Some of Twitter’s biggest accounts got hacked. It could have been much worse.
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Wednesday, the Twitter accounts of prominent people like Barack Obama, Elon Musk and Bill Gates were hacked. The tweets by hackers were all similar, asking followers to send Bitcoin and receive double the amount in return. The Bitcoin wallets promoted in these tweets received Bitcoin worth more than $100,000.
Marketplace host Kai Ryssdal spoke with Zeynep Tufekci, an associate professor at the University of North Carolina at Chapel Hill, about how the hacks could have played out. The following is an edited transcript of their conversation.
Kai Ryssdal: So let’s say these people yesterday who did this Twitter hack were more clever, more evil, more malicious, and decided instead of doing the Bitcoin thing they wanted to do actual economic damage. How do you suppose that might have gone down?
Zeynep Tufekci: Well, let me up that for you. Let’s say that they tweeted from the president’s account that the missiles are on their way to China, and then went to news accounts like the Associated Press or NPR and other places and confirmed it. China would have about 20 minutes to figure this out, and hopefully they would figure it out, but the kind of role Twitter plays in our information ecology, especially with the president and many other official agencies first tweeting without necessarily other quick ways of verification, there’s so many scenarios. I just gave you a terrible one to say how high the stakes are, but they could have done a lot.
Ryssdal: This is something that we kind of already knew, right? I mean, hacks happened right and left, the president is inconsistent on Twitter and there’s a case to be made you wouldn’t know he’d been hacked based on what the content of the tweet was. What does this tell us about our vulnerability?
Tufekci: Well, the important thing to remember here is we keep telling people, you know, use two-factor authentication, do this, do that, to protect yourself. But the reality is the biggest threat is an insider threat like this, some employee inside the company that has access to what the computer science people would call the God view — you get to see everything at the same time. And that’s just scary because imagine they had tweeted out a coordinated and subtle thing that there was some, you know, major crisis somewhere and the stock market tanked, and in the 15 minutes the stock market tanked, they made a lot of money. And since this thing has happened before, insider attacks have happened before, it just means that we should remember this next time we see something like this, but we haven’t really prepared for it, unfortunately.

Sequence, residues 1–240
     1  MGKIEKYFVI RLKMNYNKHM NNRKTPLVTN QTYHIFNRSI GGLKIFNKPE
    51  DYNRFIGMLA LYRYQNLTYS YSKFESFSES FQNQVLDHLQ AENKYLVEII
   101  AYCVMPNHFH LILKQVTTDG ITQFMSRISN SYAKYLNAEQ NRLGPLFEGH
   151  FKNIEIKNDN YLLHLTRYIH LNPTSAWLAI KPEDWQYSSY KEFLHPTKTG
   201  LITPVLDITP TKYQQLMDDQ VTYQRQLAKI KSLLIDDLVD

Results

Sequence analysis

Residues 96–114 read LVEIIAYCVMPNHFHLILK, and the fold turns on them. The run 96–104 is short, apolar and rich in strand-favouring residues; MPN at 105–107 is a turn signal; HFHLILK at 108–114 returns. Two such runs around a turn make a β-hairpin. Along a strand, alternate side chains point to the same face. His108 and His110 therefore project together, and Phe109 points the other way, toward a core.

Ryssdal: You have been speaking and writing and trying to get your thoughts on this out for a very long time. Do you think we have it in us to fix this? Or to not fall victim, I guess?
Tufekci: I’m almost happy that these people tried a Bitcoin scam, to be honest. I’m sorry that some people may have lost a little bit of money. Hopefully it wasn’t too much, but I hope that it’s a warning because they could have done so much more damage so quickly, and we wouldn’t even realize what they had done until it was too late. So the fact that they tried to just get a little bit of money is actually a favor to us to say, whoa, we are not ready. We are heading into an election, and we have too many chokepoints in our information ecology that are concentrated in a few companies. I’m not saying let’s not use these, but we need to not have them be this important a chokepoint with little accountability.
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